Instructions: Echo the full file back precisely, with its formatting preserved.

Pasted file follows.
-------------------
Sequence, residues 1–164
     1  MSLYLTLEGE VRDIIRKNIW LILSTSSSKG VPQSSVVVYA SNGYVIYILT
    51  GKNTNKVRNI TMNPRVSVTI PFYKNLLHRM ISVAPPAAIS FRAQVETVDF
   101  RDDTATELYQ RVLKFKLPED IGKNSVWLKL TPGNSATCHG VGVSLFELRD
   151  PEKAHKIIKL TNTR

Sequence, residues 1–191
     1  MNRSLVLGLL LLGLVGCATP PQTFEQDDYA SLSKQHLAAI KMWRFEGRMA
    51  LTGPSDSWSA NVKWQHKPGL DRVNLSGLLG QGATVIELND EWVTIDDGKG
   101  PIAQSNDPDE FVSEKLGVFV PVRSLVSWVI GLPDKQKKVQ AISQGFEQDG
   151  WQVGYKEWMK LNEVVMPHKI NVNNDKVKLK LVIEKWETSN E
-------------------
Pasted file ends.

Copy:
Sequence, residues 1–164
     1  MSLYLTLEGE VRDIIRKNIW LILSTSSSKG VPQSSVVVYA SNGYVIYILT
    51  GKNTNKVRNI TMNPRVSVTI PFYKNLLHRM ISVAPPAAIS FRAQVETVDF
   101  RDDTATELYQ RVLKFKLPED IGKNSVWLKL TPGNSATCHG VGVSLFELRD
   151  PEKAHKIIKL TNTR

Sequence, residues 1–191
     1  MNRSLVLGLL LLGLVGCATP PQTFEQDDYA SLSKQHLAAI KMWRFEGRMA
    51  LTGPSDSWSA NVKWQHKPGL DRVNLSGLLG QGATVIELND EWVTIDDGKG
   101  PIAQSNDPDE FVSEKLGVFV PVRSLVSWVI GLPDKQKKVQ AISQGFEQDG
   151  WQVGYKEWMK LNEVVMPHKI NVNNDKVKLK LVIEKWETSN E